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Old 05-16-2017, 04:39 PM   #1
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Default Water line used as system ground.

Is it a common practice in residential to use the water line as a system ground instead of ground rods?
I ran into this the other day.

We got a call from a worker who was in a crawl space under a house and got dinged. He had touched the system ground and the wet dirt at the same time.

Electrician went to check it out. Worker put a volt tick in the wet dirt and it indicated voltage.
Electrician checked the system ground connection to the water line. It was loose and corroded. So he replaced the ground clamp and attached the system ground. Volt tick no longer indicated voltage. Unfortunately Electrician didn't check for voltage differential before attaching the ground wire.

All seemed good until I asked electrician to check for amperage on the system ground. There was 0.5A. Furnace kicked in and amperage went to about 2.5A.
Connections in panel good, neutral and system ground bonded together.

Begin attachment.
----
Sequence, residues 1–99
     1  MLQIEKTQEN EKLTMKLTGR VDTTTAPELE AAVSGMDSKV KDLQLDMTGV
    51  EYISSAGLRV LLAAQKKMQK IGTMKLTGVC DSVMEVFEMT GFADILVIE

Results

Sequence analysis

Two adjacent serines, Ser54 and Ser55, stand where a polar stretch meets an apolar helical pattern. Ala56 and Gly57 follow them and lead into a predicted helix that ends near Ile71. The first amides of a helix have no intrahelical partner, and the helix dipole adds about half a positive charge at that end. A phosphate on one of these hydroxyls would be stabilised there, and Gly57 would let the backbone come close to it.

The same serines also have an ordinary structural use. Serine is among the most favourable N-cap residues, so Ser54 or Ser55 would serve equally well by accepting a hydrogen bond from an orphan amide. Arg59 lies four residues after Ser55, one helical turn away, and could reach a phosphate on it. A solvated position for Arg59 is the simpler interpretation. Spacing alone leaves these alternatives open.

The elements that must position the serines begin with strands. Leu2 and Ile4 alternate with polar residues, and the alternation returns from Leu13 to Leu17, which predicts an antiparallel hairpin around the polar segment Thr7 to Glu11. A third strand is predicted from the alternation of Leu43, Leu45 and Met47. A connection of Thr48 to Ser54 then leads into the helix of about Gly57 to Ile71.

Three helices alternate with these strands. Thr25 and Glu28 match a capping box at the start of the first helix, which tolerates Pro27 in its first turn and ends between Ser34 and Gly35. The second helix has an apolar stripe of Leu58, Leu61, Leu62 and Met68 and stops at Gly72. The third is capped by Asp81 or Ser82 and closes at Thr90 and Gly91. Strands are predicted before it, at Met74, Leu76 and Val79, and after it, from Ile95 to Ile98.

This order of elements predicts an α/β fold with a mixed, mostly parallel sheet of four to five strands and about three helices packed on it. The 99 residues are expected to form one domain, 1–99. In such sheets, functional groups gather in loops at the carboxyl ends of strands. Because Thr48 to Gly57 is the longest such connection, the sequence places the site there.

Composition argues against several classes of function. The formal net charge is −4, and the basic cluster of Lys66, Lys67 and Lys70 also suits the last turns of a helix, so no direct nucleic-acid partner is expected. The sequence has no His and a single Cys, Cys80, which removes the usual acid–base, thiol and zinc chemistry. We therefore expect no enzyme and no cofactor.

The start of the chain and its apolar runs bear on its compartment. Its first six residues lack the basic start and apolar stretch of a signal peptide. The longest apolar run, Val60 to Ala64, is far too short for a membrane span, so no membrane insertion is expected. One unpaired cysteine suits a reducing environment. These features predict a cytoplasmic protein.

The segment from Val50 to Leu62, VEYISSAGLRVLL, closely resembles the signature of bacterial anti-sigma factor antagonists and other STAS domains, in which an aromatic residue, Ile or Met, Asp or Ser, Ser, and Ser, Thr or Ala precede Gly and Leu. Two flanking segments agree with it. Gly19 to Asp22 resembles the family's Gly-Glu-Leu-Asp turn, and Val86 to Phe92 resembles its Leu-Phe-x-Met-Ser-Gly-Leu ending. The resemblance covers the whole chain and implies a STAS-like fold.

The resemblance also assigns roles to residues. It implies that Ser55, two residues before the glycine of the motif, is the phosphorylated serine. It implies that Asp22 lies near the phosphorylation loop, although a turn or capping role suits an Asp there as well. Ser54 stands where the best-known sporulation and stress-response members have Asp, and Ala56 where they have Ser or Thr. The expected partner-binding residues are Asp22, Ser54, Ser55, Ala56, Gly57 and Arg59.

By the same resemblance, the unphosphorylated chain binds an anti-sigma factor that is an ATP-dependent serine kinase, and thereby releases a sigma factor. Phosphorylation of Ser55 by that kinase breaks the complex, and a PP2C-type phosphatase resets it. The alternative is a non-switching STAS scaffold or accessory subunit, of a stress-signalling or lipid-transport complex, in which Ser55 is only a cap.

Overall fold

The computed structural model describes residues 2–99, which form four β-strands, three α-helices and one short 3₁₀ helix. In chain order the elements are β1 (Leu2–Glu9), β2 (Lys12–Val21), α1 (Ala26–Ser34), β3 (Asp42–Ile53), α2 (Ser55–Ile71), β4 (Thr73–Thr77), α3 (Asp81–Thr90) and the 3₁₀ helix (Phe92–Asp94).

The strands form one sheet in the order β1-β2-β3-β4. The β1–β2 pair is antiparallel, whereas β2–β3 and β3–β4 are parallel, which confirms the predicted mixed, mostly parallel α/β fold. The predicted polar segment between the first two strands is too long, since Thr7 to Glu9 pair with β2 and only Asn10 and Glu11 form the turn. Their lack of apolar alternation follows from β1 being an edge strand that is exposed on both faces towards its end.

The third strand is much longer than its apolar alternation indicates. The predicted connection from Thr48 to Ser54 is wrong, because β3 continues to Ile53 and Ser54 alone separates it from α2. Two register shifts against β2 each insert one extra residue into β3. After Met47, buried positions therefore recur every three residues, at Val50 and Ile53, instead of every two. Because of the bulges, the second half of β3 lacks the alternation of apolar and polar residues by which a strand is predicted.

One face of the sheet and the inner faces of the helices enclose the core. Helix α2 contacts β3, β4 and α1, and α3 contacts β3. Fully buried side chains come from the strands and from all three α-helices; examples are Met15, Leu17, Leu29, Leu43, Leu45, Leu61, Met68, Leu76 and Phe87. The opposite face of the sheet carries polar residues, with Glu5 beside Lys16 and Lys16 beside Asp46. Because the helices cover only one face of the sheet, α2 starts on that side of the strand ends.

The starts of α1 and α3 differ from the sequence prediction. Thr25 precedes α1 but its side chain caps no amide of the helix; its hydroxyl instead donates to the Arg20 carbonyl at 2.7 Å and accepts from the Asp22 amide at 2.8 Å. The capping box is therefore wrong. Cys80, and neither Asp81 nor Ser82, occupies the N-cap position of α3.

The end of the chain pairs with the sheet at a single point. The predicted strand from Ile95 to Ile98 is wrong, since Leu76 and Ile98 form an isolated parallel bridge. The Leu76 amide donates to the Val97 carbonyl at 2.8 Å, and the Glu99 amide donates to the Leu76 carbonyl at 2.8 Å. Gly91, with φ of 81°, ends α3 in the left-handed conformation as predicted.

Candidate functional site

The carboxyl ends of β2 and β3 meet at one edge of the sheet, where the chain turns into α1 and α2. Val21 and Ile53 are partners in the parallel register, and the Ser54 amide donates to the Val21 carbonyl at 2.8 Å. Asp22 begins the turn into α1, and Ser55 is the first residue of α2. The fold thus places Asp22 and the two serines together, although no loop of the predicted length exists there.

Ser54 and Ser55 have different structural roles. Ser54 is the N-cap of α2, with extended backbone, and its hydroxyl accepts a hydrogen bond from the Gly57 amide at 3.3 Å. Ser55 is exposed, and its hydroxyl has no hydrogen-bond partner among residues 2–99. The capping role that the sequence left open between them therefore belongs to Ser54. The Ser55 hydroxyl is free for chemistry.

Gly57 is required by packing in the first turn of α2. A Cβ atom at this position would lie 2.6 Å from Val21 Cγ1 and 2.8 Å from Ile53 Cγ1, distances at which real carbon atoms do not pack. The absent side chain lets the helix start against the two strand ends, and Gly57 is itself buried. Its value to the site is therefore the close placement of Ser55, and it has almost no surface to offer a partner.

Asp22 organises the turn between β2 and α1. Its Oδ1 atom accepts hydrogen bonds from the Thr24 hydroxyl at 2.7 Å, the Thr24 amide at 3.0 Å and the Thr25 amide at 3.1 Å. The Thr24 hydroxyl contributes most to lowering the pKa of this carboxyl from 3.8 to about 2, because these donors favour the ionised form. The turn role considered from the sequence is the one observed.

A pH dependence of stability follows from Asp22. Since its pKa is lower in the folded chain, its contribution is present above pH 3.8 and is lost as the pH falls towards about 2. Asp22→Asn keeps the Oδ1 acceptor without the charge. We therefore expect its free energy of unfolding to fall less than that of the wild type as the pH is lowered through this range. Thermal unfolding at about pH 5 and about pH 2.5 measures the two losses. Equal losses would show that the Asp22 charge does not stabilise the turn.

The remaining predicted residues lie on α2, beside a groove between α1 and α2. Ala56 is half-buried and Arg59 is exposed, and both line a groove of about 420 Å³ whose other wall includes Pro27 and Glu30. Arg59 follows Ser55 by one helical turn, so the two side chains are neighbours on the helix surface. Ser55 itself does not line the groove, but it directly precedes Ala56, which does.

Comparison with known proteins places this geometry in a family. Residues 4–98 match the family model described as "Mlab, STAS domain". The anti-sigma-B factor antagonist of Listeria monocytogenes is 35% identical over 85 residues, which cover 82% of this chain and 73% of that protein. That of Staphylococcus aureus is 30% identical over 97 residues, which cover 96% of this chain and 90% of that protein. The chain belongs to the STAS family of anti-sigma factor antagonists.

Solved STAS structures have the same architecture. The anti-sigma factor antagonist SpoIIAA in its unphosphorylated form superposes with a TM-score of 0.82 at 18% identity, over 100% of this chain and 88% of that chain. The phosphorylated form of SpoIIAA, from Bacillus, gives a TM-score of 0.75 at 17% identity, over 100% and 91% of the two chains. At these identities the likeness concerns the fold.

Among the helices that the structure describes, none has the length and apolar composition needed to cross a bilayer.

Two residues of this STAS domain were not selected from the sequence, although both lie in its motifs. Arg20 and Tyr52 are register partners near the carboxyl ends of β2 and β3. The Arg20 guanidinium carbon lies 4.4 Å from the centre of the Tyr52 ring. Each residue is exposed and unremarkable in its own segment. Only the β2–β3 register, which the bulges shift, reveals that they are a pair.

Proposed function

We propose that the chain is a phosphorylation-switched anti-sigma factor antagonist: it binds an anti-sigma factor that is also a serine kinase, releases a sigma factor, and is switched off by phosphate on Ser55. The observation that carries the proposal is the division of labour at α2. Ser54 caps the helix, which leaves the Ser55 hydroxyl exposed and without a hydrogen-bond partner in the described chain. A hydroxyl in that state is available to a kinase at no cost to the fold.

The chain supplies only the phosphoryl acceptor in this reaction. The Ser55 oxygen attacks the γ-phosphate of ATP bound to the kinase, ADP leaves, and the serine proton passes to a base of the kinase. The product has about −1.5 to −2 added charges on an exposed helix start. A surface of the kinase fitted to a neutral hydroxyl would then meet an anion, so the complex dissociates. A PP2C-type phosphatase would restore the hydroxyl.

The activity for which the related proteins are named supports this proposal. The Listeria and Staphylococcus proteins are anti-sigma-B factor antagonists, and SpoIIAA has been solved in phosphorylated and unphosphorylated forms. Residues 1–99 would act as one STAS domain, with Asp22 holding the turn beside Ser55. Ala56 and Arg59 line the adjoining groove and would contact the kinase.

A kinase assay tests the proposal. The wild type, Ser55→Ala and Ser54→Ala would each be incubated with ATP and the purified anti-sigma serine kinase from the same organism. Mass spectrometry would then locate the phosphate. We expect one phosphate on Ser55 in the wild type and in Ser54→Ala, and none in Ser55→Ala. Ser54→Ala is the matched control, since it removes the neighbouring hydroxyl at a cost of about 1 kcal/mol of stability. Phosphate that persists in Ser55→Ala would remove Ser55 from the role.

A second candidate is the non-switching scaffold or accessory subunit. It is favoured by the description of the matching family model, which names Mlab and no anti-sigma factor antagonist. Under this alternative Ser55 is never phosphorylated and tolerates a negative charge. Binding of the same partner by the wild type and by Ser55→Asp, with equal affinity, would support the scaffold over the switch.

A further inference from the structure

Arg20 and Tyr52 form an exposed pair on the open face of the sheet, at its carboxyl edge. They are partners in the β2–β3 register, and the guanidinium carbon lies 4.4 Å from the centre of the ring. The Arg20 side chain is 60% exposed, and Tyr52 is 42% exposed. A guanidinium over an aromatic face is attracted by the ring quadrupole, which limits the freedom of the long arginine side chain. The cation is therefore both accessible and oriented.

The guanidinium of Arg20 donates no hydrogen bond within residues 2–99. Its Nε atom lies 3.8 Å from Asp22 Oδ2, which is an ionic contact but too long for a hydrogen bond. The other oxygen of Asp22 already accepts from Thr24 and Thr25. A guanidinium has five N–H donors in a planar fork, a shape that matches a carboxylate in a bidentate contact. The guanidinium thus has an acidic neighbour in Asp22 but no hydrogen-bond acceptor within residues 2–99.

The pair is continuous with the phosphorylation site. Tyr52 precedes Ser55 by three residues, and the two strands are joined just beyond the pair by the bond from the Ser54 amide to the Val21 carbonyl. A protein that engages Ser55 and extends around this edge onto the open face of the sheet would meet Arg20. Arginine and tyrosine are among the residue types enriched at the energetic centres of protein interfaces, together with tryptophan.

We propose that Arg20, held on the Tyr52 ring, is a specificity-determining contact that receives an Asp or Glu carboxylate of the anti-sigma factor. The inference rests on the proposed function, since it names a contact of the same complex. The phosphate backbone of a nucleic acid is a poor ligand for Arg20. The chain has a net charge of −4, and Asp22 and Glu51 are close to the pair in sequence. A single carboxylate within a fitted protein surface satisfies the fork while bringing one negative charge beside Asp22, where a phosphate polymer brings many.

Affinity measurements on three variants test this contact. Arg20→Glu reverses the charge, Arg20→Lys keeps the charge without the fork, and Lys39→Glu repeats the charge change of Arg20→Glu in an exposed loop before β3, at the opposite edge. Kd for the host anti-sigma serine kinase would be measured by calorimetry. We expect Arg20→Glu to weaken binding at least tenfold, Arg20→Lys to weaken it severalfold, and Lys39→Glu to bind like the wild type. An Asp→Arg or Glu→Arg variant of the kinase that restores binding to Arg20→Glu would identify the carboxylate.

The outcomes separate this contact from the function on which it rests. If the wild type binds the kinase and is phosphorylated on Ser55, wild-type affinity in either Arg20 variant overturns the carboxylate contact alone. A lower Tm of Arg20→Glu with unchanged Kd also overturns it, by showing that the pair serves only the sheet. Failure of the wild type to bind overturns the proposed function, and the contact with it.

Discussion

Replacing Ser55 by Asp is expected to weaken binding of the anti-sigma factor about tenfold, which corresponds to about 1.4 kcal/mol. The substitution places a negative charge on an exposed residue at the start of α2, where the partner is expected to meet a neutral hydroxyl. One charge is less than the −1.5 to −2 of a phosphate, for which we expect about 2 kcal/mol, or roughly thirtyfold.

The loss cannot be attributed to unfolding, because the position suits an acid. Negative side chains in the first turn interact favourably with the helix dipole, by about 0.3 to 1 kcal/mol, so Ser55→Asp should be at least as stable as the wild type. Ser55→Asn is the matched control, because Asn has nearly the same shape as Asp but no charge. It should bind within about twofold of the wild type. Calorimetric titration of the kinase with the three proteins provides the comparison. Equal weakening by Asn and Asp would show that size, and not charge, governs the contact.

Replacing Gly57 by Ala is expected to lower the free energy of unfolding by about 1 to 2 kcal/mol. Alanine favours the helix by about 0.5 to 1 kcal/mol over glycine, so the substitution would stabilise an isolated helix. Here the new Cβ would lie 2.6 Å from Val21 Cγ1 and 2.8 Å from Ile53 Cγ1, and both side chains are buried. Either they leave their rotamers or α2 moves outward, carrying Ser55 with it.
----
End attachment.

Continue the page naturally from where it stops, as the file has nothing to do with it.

Poco checked connections in meter and redid splices on pole and at mast.
No change, still have amps.
Shut main off, still have amps.
Went to neighbors outside plug and plugged in a saw.
Amperage in first house ground wire goes up to 4A.

My take on it:
When the current returns to the panel and gets to where the ground and neutral are bonded it has two parallel paths. It can go up the neutral (Where it's supposed to) or it can go down the system ground, through the water line, to the water main, through the water main, up the neighbors water line, to the system ground, and up to the neutral to the pole.

Isn't this kinda dangerous?
What effect would this have on everyone's power bill?
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Old 05-16-2017, 04:48 PM   #2
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There is always a parallel path through the GES as you describe, I think it's just that the resistance of the ground path is so much higher than the near-zero resistance of the service neutral that it should be very very small.

I think the strongest clue is that the ground current is much higher at the neighbor's, that would indicate to me that the bonding and / or neutral issue is in that neighbor's system.

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Old 05-16-2017, 05:41 PM   #3